Four-year colleges in the United States focus on dormitory life. It is the way for four-year university students to devote themselves to classes and extracurricular activities while living in a dormitory and fully immerse themselves in university life.
But that’s not the case at community colleges. Instead of spending 24 hours a day for college credit, you can study only the subjects you need at your own pace while working and raising children.
Recently, online lessons have become popular among busy working adults. For working people, that flexibility is one of the attractions of community colleges.
Community colleges also have the flexibility to focus on training skills with high needs and establish a new curriculum in response to changes in the times and society.
Four-year universities tend to adhere to the original philosophy, but community colleges are not particular about it in that sense.
From computers to flower arrangements, from the skills required for work to the hobbies of seniors, it is the fundamental stance of community colleges to start classes immediately if needed.
Community colleges have more than one aspect, such as civic lectures and cultural schools.
7. Extra Time
Community college gives you extra time that you can spend to profess a job you love.
You can spend it in other productive ways, such as volunteering with an organization you’re passionate about, playing sports, or reading books that interest you.
Campus life might not always be better. Sometimes it is good to take a break from school.
8. Opportunity to Redeem Yourself
If you did poorly in high school, or for some reason you are not ready or unable to go to University, the community college would be perfect for you.
Community colleges offer concurrent matriculation programs, and some offer a co-ed high school and college.
In addition, many students graduate from high school without graduation and go directly to a community college.
So it can be an excellent place for various activities and discovering new interests.
9. Friendly Learning Environment
Students who want a more lively learning environment may also enjoy small class sizes at local colleges. Community college teachers are usually dedicated exclusively to teaching.
It often gives them the time and flexibility to offer academic support outside the classroom to help students achieve their goals.
Class sizes are usually smaller at community colleges. Students can communicate constructively with classmates, play an active role in the classroom, and work closely with professors.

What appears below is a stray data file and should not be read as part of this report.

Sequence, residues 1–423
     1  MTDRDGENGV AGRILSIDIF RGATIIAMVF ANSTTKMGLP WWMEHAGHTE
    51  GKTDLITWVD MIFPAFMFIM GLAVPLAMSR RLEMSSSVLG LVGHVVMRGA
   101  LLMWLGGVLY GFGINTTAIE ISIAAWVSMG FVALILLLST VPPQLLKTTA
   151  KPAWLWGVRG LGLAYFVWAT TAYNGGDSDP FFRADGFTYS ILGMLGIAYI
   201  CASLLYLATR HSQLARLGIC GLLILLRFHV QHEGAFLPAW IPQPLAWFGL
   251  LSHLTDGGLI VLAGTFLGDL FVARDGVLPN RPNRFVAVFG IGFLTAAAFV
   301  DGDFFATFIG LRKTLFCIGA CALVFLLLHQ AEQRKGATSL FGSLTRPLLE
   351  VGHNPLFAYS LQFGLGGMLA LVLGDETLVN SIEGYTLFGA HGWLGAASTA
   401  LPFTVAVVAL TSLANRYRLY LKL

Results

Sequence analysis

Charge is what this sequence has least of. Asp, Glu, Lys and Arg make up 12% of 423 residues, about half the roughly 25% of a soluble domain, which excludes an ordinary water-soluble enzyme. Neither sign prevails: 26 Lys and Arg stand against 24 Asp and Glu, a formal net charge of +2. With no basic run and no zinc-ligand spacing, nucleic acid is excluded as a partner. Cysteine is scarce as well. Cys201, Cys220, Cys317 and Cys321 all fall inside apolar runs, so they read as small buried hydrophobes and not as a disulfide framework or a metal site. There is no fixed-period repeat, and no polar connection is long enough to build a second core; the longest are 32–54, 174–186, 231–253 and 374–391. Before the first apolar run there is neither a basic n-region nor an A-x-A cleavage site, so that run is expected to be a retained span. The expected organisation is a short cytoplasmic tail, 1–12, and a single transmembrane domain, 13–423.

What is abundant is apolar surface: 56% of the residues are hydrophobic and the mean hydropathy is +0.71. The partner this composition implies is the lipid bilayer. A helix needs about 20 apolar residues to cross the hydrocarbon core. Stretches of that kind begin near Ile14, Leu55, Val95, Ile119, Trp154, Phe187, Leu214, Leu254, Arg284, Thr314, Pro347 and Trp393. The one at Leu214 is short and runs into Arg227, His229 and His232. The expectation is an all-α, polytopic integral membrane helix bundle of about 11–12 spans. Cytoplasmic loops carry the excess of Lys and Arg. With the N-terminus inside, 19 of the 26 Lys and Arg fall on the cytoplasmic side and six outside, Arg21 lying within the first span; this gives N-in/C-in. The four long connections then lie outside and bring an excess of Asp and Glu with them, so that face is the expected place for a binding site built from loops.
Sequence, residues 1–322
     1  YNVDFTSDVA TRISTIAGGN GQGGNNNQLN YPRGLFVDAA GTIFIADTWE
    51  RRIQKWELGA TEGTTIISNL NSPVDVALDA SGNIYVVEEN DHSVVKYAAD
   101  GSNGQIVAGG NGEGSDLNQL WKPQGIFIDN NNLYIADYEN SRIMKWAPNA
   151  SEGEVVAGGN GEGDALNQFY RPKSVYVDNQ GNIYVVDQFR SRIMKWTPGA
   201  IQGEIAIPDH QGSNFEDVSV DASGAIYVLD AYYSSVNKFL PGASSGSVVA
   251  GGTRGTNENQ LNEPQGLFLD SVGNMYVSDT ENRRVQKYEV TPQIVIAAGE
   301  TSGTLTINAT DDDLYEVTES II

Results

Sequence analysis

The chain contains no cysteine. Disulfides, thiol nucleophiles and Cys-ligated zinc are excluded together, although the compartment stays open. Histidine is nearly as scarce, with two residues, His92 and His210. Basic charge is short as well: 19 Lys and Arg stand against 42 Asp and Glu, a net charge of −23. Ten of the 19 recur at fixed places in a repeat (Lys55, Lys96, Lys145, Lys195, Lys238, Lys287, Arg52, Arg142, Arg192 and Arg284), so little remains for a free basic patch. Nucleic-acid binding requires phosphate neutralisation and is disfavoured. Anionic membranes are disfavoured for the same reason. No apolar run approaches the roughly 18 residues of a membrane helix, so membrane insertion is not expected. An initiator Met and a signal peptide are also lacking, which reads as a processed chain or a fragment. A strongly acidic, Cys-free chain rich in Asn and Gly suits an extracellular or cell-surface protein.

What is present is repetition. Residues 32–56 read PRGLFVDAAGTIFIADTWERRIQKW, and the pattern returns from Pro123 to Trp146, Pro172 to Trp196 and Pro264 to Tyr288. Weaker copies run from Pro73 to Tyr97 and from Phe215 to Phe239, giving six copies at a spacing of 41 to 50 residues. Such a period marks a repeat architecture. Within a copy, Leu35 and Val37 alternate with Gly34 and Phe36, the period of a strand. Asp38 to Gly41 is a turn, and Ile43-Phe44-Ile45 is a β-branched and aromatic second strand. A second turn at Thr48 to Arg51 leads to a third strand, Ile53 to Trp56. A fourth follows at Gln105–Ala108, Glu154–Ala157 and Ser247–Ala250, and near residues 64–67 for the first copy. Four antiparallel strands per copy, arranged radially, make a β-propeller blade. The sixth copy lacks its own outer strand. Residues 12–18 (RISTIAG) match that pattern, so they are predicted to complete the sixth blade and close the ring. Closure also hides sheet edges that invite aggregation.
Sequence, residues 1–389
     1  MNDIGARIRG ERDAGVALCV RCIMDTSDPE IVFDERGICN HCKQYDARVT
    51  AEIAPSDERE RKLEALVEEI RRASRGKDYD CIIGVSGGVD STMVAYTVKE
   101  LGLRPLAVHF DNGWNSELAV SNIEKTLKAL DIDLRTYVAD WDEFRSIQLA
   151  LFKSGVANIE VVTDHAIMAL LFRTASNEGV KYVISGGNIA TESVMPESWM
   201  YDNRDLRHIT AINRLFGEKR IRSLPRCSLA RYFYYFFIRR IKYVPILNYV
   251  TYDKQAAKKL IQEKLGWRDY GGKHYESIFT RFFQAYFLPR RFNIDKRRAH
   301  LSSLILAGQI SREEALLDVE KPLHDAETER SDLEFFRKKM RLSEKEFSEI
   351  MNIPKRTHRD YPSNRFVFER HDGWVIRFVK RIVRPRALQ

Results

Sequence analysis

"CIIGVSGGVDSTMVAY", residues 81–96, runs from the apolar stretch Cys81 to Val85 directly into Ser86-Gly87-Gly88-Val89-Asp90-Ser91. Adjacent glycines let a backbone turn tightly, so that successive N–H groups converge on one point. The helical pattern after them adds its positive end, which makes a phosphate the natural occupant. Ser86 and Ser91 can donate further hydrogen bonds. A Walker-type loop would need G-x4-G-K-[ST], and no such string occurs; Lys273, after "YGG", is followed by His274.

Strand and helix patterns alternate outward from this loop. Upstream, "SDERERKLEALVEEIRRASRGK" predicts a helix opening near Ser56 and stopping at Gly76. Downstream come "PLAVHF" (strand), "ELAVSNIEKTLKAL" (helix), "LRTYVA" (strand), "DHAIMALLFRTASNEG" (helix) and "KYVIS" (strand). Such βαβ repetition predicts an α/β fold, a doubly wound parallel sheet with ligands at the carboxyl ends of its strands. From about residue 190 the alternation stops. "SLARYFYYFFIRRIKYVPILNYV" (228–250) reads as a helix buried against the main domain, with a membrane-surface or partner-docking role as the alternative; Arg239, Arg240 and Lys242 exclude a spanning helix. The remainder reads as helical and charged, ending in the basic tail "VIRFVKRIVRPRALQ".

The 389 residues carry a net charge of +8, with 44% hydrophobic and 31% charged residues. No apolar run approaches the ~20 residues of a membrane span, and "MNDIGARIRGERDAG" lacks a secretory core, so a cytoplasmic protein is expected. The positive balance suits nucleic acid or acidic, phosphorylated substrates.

So if you benefit from hands-on and one-on-one learning, a community college can provide you with the perfect environment.
10. Preparation for a College Degree
Community College prepares you for your transition to a four-year college. This may be the most critical finding: community colleges provide excellent preparation for academic success at the University.
Attending a community college will develop and improve the skills you need to earn a bachelor’s degree in your chosen field.
11. Best Choice for Immigrants
Immigrants of war or any other cause usually lack the proper documentation. In such a case, the community college will be the best option for you as it will allow you to study without your documents.
Many community colleges do not verify your social security number or accept that you study with an ITIN or Tax ID.
12. Best Alternative for International Students
Universities in the United States or anywhere other than your home country require international students to have high English language proficiency to keep up with University lectures.
As a result, some students may face problems entering University due to their English language proficiency.
In community colleges, admission standards are low, so admissions are granted even with low English proficiency in many cases.
International students, therefore, can enroll first in community college and transfer to University after earning credits.
13. Guaranteed Transfer Programs
After graduating from a community college, you can, in principle, transfer as a third-year student at a four-year college.
If you are a transfer student between universities in the same state, the credit transfer procedure is smooth, but you can transfer to a university in another state.
Most community colleges have established programs through which you will be guaranteed admission to specific four-year transfer colleges if you maintain a certain level of academic achievement.
It can save you time and stress in the transfer process. Even if you are financially and academically uncertain about attending a four-year university from the beginning, going through a community college will open the way to a four-year degree.
Some public colleges provide transfer scholarships to prospective students based on academic performance as financial aid or free educational costs.
Many students may find themselves displaced during their university studies. Some of them come back, and many don’t.
Attending a community college provides the opportunity to learn what they want and to have enough time to decide which subjects to choose in a 4-year university, preventing students from dropping out of school.
Cons of Community College
While community college can be a better option for many students, you must understand some drawbacks of the community college before enrolling, which are: